#98 Vajinder Toor, 34. Died April 26 shot and killed outside his home in Branford, Conn. Toor worked at Kingsbrook Jewish Medical Center in New York before joining Yale.

#97 Joseph Morrissey, 46. Died April 6 as a victim of a home invasion. The autopsy revealed that the professor died from a stab wound. Although the cause of death was first identified as a gun shot wound, the autopsy revealed that the professor died from a stab wound. Morrissey joined NSU in May 2009 as an associate professor and taught one elective class on immunopharmacology in the College of Pharmacy.

#96 Maria Ragland Davis, 52. Died February 13 at the hand ofneurobiologist Amy Bishop. Her background was in chemical engineering and biochemistry, and she specialized in plant pathology and biotechnology applications. She had a doctorate in biochemistry and had worked as a postdoctoral research fellow at the Monsanto Company in St. Louis. She was hired at the University of Alabama after a seven-year stint as a senior scientist in the plant-science department at Research Genetics Inc. (later Invitrogen), also in Huntsville.

#95 Gopi K. Podila, 54. Died February 13 at the hand ofneurobiologist Amy Bishop, Indian American biologist, noted academician, and faculty member at the University of Alabama in Huntsville. He listed his research interests as engineering tree biomass for bioenergy, functional genomics of plant-microbe interactions, plant molecular biology and biotechnology. In particular, Padila studied genes that regulate growth in fast growing trees, especially poplar and aspen. He has advocated prospective use of fast growing trees and grasses as an alternative to corn sources for producing ethanol.

#94 Adriel D. Johnson Sr. 52. Died February 13 at the hand ofneurobiologist Amy Bishop. His research involved aspects of gastrointestinal physiology specifically pancreatic function in vertebrates.

#94-96 Neurobiologist Amy Bishop, 45, murdered three fellow scientists February 13 after being denied tenure. Dead biology professors are: G. K. Podila, the department’s chairman, a native of India; Maria Ragland Davis; and Adriel D. Johnson Sr.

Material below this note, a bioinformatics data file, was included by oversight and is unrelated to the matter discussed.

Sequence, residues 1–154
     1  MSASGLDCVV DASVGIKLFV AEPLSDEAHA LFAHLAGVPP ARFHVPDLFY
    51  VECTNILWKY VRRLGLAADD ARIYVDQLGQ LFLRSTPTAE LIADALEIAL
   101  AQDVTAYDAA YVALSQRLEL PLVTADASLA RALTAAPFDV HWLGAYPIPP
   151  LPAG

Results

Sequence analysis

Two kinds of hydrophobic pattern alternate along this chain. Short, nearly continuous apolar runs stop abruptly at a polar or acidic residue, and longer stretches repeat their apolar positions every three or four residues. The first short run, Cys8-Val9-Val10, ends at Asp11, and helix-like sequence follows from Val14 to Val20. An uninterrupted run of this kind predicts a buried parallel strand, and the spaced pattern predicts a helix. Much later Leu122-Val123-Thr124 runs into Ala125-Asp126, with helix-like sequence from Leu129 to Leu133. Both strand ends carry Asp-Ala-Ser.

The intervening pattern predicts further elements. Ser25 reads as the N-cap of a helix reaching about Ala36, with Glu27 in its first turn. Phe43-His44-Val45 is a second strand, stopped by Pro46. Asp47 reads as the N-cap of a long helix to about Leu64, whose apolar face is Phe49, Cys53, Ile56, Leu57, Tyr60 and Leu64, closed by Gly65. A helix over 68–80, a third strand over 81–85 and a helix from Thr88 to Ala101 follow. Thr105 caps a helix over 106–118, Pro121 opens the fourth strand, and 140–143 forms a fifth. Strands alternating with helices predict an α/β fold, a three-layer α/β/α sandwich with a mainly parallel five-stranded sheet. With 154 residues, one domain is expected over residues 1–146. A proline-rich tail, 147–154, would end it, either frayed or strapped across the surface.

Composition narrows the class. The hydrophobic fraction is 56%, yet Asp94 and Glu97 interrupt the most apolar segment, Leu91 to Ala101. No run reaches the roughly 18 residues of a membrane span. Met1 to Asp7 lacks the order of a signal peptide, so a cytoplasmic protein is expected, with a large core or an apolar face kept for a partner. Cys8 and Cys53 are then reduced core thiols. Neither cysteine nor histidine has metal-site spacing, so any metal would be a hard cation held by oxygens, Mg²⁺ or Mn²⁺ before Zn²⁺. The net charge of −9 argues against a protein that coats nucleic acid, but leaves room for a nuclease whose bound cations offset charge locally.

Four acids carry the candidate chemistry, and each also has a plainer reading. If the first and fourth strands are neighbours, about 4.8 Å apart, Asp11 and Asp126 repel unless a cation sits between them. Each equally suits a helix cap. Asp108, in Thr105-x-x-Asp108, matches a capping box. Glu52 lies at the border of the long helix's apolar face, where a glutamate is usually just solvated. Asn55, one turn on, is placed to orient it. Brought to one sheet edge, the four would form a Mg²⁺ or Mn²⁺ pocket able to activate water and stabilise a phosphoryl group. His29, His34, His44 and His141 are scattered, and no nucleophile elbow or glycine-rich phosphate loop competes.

Died 2009

#93 Keith Fagnou, 38. Died November 11 of H1N1. His research focused on improving the preparation of complex molecules for petrochemical, pharmaceutical or industrial uses. Keith’s advanced and out–of-the-box thinking overturned prior ideas of what is possible in the chemistry field.

#92 Stephen Lagakos, 63. Died October 12 in an auto collision, wife, Regina, 61, and his mother, Helen, 94, were also killed in the crash, as was the driver of the other car, Stephen Krause, 52, of Keene, N.H.Lagakos centered his efforts on several fronts in the fight against AIDS particularly how and when HIV-infected women transmitted the virus to their children. In addition, he developed sophisticated methods to improve the accuracy of estimated HIV incidence rates. He also contributed to broadening access to antiretroviral drugs to people in developing countries.

#91 Malcolm Casadaban, 60. Died Sept. 13 of plague.Casadaban, a renowned molecular geneticist with a passion for new research, had been working to develop an even stronger vaccine for the plague. The medical center says the plague bacteria he worked with was a weakened strain that isn’t known to cause illness in healthy adults. The strain was approved by the Centers for Disease Control and Prevention for laboratory studies.

#90 Wallace L. Pannier, 81. Died Aug. 6 of respiratory failure and other natural causes. Pannier, a germ warfare scientist whose top-secret projects included a mock attack on the New York subway with powdered bacteria in 1966. Mr. Pannier worked at Fort Detrick, a US Army installation in Frederick that tested biological weapons during the Cold War and is now a center for biodefense research. He worked in the Special Operations Division, a secretive unit operating there from 1949 to 1969, according to family members and published reports. The unit developed and tested delivery systems for deadly agents such as anthrax and smallpox.

See the entire list here at

http://libertysflame.com/cgi-bin/readart.cgi?ArtNum=4493